Nav: Home

Exploring vulnerabilities of the Cryptosporidium parasite

November 12, 2015

Cryptosporidium parvum is a gastrointestinal parasite that can cause moderate to severe diarrhea in children and adults, and deadly opportunistic infection in AIDS patients. Because C. parvum is resistant to chlorine disinfectant treatment, it frequently causes water-borne outbreaks around the world. A study published on Nov. 12th in PLOS Pathogens provides a detailed analysis of a C. parvum protein that is central to glycolysis -- the only pathway by which the parasite can generate energy -- and identifies it as a potential drug target.

Guan Zhu and colleagues, from Texas A&M University in College Station, USA, study the parasite's metabolism during its complicated life-cycle. C. parvum exists both in free stages (where parasites are in the environment or in the host's digestive tract) and intracellular stages following host cell invasion, during which the parasite occupies a specialized compartment -- the parasitophorous vacuole -- which is delineated by a host-cell derived border called the parasitophorous vacuole membrane (PVM).

For this study, the researchers focused on lactate dehydrogenase (LDH), an enzyme central to glycolysis. Glycolysis is the only metabolic process by which organisms like C. parvum -- that lack functional mitochondria to derive energy from oxygen -- can generate ATP, the universal biological energy storage molecule. They found that the C. parvum LDH (CpLDH) protein is found inside the parasite's cells during the free stages, but is then transferred to the PVM during intracellular development, indicating involvement of the PVM in parasite energy metabolism, and specifically, in lactate fermentation. They also demonstrate that two known LDH inhibitors, gossypol and FX11, can inhibit both CpLDH activity and parasite growth.

The researchers summarize that their observations "not only reveal a new function for the poorly understood PVM structure in hosting the intracellular development of C. parvum, but also suggest LDH as a potential target for developing therapeutics against this opportunistic pathogen, for which fully effective treatments are not yet available". Acknowledging that the ultimate validation of CpLDH as a drug target requires tools for knockout or knockdown of genes of interest in Cryptosporidium, they say recent advances towards this goal raise hope that such validation will be possible in the near future.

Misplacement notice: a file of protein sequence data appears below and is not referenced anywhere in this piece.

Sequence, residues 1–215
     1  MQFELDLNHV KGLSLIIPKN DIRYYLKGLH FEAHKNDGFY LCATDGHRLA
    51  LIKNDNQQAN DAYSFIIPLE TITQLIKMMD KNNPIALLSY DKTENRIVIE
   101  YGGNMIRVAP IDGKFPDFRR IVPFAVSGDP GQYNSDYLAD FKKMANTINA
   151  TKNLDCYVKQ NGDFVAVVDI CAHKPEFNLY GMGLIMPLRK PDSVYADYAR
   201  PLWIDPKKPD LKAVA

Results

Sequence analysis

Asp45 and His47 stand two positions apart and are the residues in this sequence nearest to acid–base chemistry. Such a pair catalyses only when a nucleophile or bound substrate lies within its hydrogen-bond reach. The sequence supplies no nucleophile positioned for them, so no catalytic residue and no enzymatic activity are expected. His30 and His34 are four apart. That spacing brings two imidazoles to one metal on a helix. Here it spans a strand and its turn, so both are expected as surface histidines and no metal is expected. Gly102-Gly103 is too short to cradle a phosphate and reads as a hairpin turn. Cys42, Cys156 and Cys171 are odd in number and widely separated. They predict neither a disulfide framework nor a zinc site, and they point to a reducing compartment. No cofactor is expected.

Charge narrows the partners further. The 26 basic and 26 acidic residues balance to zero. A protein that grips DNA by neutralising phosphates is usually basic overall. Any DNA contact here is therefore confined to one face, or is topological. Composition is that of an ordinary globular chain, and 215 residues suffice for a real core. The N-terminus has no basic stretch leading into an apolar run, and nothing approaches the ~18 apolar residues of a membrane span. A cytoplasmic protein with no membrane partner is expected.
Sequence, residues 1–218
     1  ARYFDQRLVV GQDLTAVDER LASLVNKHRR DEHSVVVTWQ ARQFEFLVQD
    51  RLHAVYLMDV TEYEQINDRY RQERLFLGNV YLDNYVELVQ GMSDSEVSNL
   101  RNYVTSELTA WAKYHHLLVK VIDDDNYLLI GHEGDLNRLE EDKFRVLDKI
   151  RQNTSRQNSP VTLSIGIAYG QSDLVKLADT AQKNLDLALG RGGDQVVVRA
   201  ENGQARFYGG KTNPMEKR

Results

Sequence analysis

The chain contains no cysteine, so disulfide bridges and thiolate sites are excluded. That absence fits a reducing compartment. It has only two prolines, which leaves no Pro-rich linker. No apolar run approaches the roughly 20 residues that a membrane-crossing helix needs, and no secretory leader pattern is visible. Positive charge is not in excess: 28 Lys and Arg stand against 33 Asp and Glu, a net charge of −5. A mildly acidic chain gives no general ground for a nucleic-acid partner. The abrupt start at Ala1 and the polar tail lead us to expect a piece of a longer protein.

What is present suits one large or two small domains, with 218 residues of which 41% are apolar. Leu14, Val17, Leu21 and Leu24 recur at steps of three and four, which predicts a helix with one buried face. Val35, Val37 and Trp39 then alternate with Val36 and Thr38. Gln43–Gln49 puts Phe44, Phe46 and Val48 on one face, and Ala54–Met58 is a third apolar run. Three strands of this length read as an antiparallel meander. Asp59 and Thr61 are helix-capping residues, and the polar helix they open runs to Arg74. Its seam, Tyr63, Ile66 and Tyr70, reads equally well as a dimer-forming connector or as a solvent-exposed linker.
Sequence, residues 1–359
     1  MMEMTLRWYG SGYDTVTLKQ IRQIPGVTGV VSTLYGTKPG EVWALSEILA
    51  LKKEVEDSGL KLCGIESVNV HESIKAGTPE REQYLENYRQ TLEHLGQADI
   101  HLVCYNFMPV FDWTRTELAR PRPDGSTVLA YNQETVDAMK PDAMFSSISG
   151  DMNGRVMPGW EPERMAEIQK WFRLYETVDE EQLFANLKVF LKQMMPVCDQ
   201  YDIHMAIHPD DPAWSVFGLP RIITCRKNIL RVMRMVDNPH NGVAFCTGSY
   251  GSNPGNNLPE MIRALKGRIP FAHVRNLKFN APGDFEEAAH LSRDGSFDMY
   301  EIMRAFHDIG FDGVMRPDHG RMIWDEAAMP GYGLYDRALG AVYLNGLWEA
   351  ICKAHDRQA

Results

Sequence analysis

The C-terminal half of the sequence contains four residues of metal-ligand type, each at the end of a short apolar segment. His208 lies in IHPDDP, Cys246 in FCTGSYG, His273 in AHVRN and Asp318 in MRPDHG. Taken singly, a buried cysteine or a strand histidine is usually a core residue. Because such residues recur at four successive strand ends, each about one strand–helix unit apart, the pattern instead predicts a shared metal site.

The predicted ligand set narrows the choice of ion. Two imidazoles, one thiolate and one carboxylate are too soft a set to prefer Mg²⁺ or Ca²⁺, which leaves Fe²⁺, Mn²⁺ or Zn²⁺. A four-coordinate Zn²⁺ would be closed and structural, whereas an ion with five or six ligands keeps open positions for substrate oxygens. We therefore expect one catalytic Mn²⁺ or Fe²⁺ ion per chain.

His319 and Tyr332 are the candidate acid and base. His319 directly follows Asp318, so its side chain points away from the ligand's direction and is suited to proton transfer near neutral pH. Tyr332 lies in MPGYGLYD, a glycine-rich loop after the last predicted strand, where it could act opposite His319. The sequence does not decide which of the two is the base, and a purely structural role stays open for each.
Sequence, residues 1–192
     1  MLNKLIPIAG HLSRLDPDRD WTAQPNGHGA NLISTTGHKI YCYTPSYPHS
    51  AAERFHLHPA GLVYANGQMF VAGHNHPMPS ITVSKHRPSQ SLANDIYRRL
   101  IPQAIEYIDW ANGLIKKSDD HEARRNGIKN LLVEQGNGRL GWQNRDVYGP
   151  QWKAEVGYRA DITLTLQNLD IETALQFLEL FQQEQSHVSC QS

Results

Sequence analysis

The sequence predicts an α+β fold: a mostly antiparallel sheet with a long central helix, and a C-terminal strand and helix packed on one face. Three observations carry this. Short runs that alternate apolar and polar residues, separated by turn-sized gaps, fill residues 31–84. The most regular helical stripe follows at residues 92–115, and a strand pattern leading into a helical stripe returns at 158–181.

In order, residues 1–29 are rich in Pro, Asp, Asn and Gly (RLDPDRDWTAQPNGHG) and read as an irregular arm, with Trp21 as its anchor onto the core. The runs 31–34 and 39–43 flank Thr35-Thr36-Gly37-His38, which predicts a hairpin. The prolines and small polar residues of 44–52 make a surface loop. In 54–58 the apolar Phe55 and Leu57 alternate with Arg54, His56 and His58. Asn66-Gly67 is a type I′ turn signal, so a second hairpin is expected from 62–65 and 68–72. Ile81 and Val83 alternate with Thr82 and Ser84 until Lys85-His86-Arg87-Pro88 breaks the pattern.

Overall, they conclude that "the present data, together with the fact that C. parvum relies on glycolysis for producing ATP, support the notion that CpLDH is worth exploring as a potential target for the development of anti-cryptosporidial therapeutics".
-end-


Contact:


Guan Zhu
e-mail: gzhu@cvm.tamu.edu
phone: +1.979.845.6981

Please use this URL to provide readers access to the paper (Link goes live upon article publication): http://dx.plos.org/10.1371/journal.ppat.1005250

Press-Only Preview Of The Article: https://www.plos.org/wp-content/uploads/2013/05/Pathogens_Zhu_NOV_12_preview.pdf

Related Image for Press Use: https://www.plos.org/wp-content/uploads/2013/05/press-image.jpg

Caption:


CpLDH on the parasitophorous vacuole membrane

Lactate dehydrogenase (LDH) is typically a cytosolic protein, which is true in the extracellular stages of the apicomplexan parasite Cryptosporidum parvum (oocysts and sporozoites). However, LDH becomes localized to the parasitophorous vacuole membrane (PVM) during the parasite intracellular development (LDH in red and nuclei in blue). The top panel show oocysts stained only for oocyst walls (green) and nuclei (blue).

Authors and Affiliations:

Haili Zhang, Texas A&M University, USA

Fengguang Guo, Texas A&M University, USA

Guan Zhu, Texas A&M University, USA

Please contact plospathogens@plos.org if you would like more information.

Funding: This study was supported in part by the National Institute of Food and Agriculture (NIFA), United States Department of Agriculture (USDA) (http://www.nifa.usda.gov) (project numbers TEX09529 and TEX09591 to GZ), and the Western Regional Center of Excellence for Biodefense and Emerging Infectious Diseases Research (WRCE) supported by grant number U54 AI057156 from the National Institute of Allergy and Infectious Diseases (NIAID), National Institutes of Health (NIH) (http://www.utmb.edu/cbeid/) (subaward to GZ). The funders had no role in study design, data collection and analysis, decision to publish, or preparation of the manuscript.